by Henning Bovenkerk (University of Münster) and Christine Fertig (University of Münster)
This blog post is based upon the authors’ article forthcoming in the Economic History Review.
The consumption of colonial and globally traded goods, such as tea, coffee, silk, and cotton, is one of the core factors of the concept of the early modern consumer revolution. The introduction of these new goods led to a fundamental change in consumption and material culture in great parts of north-western European, for example in England or the Netherlands. Research on different, often more distant, European regions questions the pan-European validity of the concept and assumes an exceptional situation in the North Atlantic trading centres and their environments.
Figure 1. Eighteenth-century probate inventory
In Westphalia, north-western Germany, the consumer and material culture developed from the seventeenth century onwards but, compared to the progressive north-western European regions, only with some delay. Our research, forthcoming in the Economic History Review, is based on the analysis of rural probate inventories. An example of an inventory is depicted in figure 1. Relying on these inventories, we show that the progress of the consumer revolution was far less rapid here, even though Westphalia borders the Netherlands; see figure 2. Cotton and even silk were introduced as new textiles for bedclothes, resembling similar trends toward more comfort in the more dynamic European regions. And from the end of the eighteenth century onwards, tea and coffee sets were found in the rural probate inventories, also indicating a rapid change of the culture of consumption of hot beverages.
Figure 2. Location of Westphalia
Two things are striking about our findings. First, the introduction of sumptuary laws suggest that the consumption of colonial goods increased long before material culture changed. Legislation sought to prohibit the peddling of colonial and globally traded goods, including tea and coffee, in the countryside from the early eighteenth century onwards. Over time, the laws were reinforced, to the point of prohibiting the possession of utensils for the preparation and consumption of tea and coffee and prohibiting peasants’ wives and daughters from wearing lace made of imported fabrics. But eventually the laws had to be abolished in the 1780s, because they could not be enforced. Since legislation attempted to regulate the consumption of hot beverages before the changes in material culture appeared in the inventories, these findings suggest that the laws were not successful in preventing consumption, but pushed it into private, non-public spaces where legislation had little or no effect.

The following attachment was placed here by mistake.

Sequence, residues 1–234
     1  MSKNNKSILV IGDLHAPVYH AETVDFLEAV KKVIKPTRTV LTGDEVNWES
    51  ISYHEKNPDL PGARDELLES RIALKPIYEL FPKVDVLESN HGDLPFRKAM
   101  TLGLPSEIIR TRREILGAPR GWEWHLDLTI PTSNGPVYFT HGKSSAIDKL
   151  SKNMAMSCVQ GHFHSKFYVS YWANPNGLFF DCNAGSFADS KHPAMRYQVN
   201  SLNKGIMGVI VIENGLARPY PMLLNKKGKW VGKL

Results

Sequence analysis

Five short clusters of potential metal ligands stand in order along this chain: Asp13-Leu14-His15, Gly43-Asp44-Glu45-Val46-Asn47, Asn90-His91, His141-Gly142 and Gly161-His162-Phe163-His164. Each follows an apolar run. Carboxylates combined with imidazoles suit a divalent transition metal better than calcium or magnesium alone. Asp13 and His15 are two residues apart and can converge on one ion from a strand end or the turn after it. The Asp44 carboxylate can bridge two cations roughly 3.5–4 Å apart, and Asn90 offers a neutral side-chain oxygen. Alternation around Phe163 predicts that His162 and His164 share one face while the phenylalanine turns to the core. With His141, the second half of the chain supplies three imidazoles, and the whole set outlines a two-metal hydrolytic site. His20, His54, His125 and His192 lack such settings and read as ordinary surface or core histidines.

Secondly, after the lifting of restrictions in the eighteenth century, colonial goods such as coffee and tea were now also enjoyed with fine tableware. The development toward a new consumer culture progressed noticeably faster in areas where many households produced proto-industrial goods, such as linen, for supra-regional markets. In part, this was due to the increased market participation of these households, which sold products and likewise met their everyday needs at markets, rather than continue to produce for themselves goods such as food, clothing, or household items. This new behaviour facilitated more differentiated consumption patterns. On the other hand, these households quickly moved away from a traditional lifestyle oriented toward agricultural production rhythms and developed a new culture of everyday life.
The case of Southern Germany reveals how differently sumptuary laws could affect consumer culture; in southern Germany, they were part of institutions that eventually prevented a greater change in consumption—although there were also aspirations within society to do so. In north-western Germany, legislation tried the same, but was only successful insofar as the consumption of prohibited goods was conducted afar from the public, until the laws where finally repealed. In this way, sumptuary laws only delayed and slowed down the development, but they could not prevent the emergence of a new, pre-modern consumer culture in north-western Germany.
To contact the authors: